Stress Load

Take Time

There has certainly been an increase in the amount of attention given to Employee Wellness programs lately, much of it centered on the amount of stress everyone is experiencing.  But I think it’s a good idea to explore the truth behind all this stress talk before you or your HR department jump on this bandwagon.  Is employee wellness  just another fad meant to pad the pockets of quick talking quacks? Or does the health and well-being of employees really matter?  Does it actually have an impact on a company’s bottom line — whatever that line may be?

I think the best way to determine an answer to this for your company is to get an understanding of what we mean by “wellness”.  If we mean that people should stay healthy enough to drag themselves into work, then perhaps employee wellness can be limited to posters that encourage all employees to wash their hands and drink more water.  As long as tasks get done, and it doesn’t really matter who does them, then I guess attention to true health might be only slightly important.

If, on the other hand, it is important to you and your business that your employees be able to problem-solve, respond to questions and requests, initiate action, interact with customers, clients, or services, contribute to team tasks, and positively represent your company, then you might want to invest a little bit more in how your employees actually feel about their health, their work environment, and the company to which they are expected to devote their time and loyalty.

In order to accomplish thoughtful, creative, and interpersonal tasks, we absolutely must be at our physical and emotional best.  We think better, react better, volunteer more, when we feel energetic and clear-headed.  Nutrition, exercise, and environment all play a role in how we — and that means your entire work force– conduct business every day.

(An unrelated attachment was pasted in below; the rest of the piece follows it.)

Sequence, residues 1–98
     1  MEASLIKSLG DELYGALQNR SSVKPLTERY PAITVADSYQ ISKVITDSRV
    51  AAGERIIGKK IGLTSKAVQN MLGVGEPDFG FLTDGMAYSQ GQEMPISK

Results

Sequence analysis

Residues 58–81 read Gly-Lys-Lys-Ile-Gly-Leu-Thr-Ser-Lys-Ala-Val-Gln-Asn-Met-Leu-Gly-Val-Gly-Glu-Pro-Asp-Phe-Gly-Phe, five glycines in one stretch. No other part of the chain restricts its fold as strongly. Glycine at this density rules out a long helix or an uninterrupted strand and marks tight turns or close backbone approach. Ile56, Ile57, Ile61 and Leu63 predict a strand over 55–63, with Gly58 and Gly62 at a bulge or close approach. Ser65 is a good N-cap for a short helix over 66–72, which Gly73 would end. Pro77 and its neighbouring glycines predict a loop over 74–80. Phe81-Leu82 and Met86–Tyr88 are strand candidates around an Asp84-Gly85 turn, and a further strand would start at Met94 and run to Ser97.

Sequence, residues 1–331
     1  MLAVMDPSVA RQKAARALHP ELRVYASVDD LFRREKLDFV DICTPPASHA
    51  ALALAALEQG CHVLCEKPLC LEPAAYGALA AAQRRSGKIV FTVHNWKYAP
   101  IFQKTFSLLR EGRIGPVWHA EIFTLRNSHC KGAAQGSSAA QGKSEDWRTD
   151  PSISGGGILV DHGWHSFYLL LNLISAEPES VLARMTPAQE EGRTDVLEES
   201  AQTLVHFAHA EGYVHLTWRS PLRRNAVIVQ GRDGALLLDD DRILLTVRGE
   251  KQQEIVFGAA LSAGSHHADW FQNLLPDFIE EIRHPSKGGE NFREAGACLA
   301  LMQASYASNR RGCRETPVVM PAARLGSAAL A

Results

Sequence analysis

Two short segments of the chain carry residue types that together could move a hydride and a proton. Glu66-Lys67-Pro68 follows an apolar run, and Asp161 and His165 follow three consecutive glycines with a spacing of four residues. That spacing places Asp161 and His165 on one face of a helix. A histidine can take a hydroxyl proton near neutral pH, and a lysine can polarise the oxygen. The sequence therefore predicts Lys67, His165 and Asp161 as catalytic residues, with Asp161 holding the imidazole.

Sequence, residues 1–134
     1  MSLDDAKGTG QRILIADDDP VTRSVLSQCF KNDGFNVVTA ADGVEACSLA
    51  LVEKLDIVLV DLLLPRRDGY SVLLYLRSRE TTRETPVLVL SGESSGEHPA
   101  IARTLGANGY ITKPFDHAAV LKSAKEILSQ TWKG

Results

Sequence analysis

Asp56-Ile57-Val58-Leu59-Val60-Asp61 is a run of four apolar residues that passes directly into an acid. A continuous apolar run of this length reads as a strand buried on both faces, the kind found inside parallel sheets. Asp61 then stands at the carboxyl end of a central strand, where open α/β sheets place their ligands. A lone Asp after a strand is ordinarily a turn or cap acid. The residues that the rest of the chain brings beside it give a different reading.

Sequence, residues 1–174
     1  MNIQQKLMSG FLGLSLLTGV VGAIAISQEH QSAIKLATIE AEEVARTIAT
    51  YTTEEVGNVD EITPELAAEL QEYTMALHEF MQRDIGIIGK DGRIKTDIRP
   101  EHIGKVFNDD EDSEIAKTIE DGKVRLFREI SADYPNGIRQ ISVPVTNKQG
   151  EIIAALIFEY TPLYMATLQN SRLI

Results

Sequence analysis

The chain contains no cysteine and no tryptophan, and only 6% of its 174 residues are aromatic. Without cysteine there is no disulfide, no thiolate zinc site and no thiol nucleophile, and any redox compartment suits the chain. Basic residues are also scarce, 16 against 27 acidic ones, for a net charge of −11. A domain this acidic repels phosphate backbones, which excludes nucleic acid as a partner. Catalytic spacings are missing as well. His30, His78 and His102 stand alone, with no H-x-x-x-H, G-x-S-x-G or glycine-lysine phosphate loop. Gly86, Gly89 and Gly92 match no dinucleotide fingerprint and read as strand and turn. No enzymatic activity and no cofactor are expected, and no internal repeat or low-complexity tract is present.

Let’s look at the cyclical problems that perpetuate under a negatively stressful work environment:

“According to data released in the 2013 Work Stress Survey conducted by Harris Interactive on behalf of Everest College, 83 percent of Americans are stressed by at least one thing at work, an increase of 10 percentage points when compared with the numbers from 2012.”

There are many “things” that can cause this stress, but a  heavy workload seems to be one of the main contributors on a daily basis, so let’s examine this more closely.  Does this mean that today’s work force is unable to handle the demands of challenging work?  Long hours of work?  Confusing work?

In order for your corporate wellness plan to address the problem of “workload” it is important to explore the amount, type, and satisfaction level of the work your employees are being asked to do.  If your company environment is one that creates drama, this could add to a perception of workload.  If types or amount of work are being added to an employees day, whether from budgetary needs or creative design, that too can add to a heavier workload.

Some ways to address the stress and workload of employees, is, paradoxically, through the nurturing of a reflective, focused environment.  And this means giving ourselves the time for this. Workload is a perception because we measure it against the amount of time we have and other tasks and their respective time.  By allowing a space and time for focus and reflection, planning and creation, follow-through and even meditation, we can actually allow employees to produce, create, and complete in a fluid — and therefore less stressful — manner.

Yoga is a natural solution to counteract workplace stress because it provides that time and space to draw attention to oneself, to focus on a relaxed and steady breath, to open the mind to creative thought, and to resolve conflict. Yoga can take 10 minutes or 2 hours — but the results will be exponentially greater than whatever time is invested.  And best of all, Yoga principles can be applied throughout the rest of our day, allowing us to stay focused, relaxed, and creative, well beyond the mat.

And that’s good for everyone, isn’t it?